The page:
British Columbia

Boy with a GoPro helps solve decades-old missing person's case

An almost three decade-old missing persons case in B.C. has been solved in part because of a curious 13-year-old boy and his GoPro camera.

Max Werenka, 13, spotted a submerged vehicle in Griffin Lake, near Revelstoke, B.C.

RCMP pulled this black 1986 Honda Accord from Griffin Lake, near Revelstoke, B.C., on Aug. 24, nearly 27 years after its owner, Janet Farris, disappeared. (RCMP)

Young Max Werenka wasn't looking to solve the decades-old disappearance of a 70-year-old Vancouver Island woman when he set out on a boat ride last month on Griffin Lake near Revelstoke, B.C.

But after a remarkable series of events — which included Max, 13, spotting a submerged vehicle with his GoPro camera just three metres from the shore — the teen had played a key role in delivering answers to the missing woman's family.

In the fall of 1992, Janet Farris, of Mill Bay, B.C., was driving to a wedding in Alberta when she vanished.

Her family notified police and, over the years, came to believe she'd been in a fatal car accident. But no trace of her — or her car — was ever found.

Then, last month, the body of a woman was discovered in an overturned vehicle at the bottom of Griffin Lake just off the Trans-Canada Highway, in the Monashee Mountains.

Police were led there by Max, who discovered the submerged vehicle while out on a boat.

Farris was driving to a wedding in Alberta in the fall of 1992 when she vanished. Over the years, her family came to believe she had been in a car accident. (Submitted by George Farris)

That discovery has finally brought answers to Farris's family. 

"I think the worst thing was not knowing," said her son, George Farris, 62.

"We kind of assumed that maybe she had gone off the road or fallen asleep, or tried to avoid an accident or animal on the road," he said.

The discovery unfolded after Max set out on the lake last month with guests who were staying at his parents' lake cabins. The boaters spotted what they believed was a car submerged beneath about five metres of water.

Max's family lives in Sherwood Park, Alta., but runs Griffin Lake Cabins on the shore of the small, mountain lake 27 kilometres west of Revelstoke.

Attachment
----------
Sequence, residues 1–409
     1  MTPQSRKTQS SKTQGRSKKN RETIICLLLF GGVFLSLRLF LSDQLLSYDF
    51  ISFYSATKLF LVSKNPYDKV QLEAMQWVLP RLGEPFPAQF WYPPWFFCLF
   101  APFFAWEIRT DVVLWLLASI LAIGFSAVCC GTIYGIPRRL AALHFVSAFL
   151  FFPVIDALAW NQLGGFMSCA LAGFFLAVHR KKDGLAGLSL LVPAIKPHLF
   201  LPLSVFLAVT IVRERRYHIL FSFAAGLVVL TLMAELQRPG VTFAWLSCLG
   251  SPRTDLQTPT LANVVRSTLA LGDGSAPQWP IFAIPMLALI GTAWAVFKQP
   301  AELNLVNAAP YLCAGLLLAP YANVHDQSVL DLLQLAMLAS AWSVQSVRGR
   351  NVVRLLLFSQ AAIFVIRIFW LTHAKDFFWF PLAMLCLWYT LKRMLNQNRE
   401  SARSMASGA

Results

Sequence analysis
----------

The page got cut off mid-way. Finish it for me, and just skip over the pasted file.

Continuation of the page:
Previous owners of the summer cabins had boated and kayaked on the lake for 17 years without ever seeing a submerged vehicle.

Police haul the car from Griffin Lake. A female body and Farris' identification were found inside. (Nancy Werenka)

The Werenkas notified police and two officers were sent from Revelstoke. They set out on the lake, taking Max along, but couldn't see the vehicle. So Max then jumped into the water with his GoPro camera. He surfaced with video of a vehicle upside down on the bottom of the lake.

After that, police sent a dive team, tow truck and boom and hauled a 1986 black Honda Accord from the water on Aug. 24.

A female body was inside.

RCMP Sgt. Thomas Blakney said police ran the licence plate and discovered the car was owned by Janet Farris and had been reported missing in 1992. They also noted the missing person case from that same year. 

Max Werenka, 13, was out on the lake, a popular tourist spot in B.C., when he spotted the submerged vehicle. (Nancy Werenka)

Police found identification belonging to Farris in the car. Soon after, RCMP told family members that her body had been found.

George said his mother's last known stop was at a gas station in Salmon Arm. 

After his mother disappeared, he said the family — along with police and search and rescue teams — scoured the roadside along the highway, but found nothing.

He says there was a lot of grieving, but in time the family came to accept she had died along the highway somewhere.

Police think Farris likely swerved to avoid an animal or lost control of her vehicle for some other reason and rolled into the lake. There was no visible front-end damage to the Honda, so they don't think it hit anything. 

The discovery of his mother's body has brought answers for George.

"Given a sad situation, it's the best of all outcomes."

He said his mother's remains will be cremated and placed alongside her husband who died in 1984.

Meanwhile, Max's mother, Nancy Werenka, says she is proud of her son who is still processing what happened. Their hearts go out to the Farris family.

"Oh my gosh. I was just ...  a lump in my stomach for the family," she said.

"How do you wonder where a family member is for 26 years and not know what happened to them?"

A view of the overturned car resting at the bottom of Griffin Lake. It was discovered just three metres from shore. (RCMP)

Comments

To encourage thoughtful and respectful conversations, first and last names will appear with each submission to CBC/Radio-Canada's online communities (except in children and youth-oriented communities). Pseudonyms will no longer be permitted.

By submitting a comment, you accept that CBC has the right to reproduce and publish that comment in whole or in part, in any manner CBC chooses. Please note that CBC does not endorse the opinions expressed in comments. Comments on this story are moderated according to our Submission Guidelines. Comments are welcome while open. We reserve the right to close comments at any time.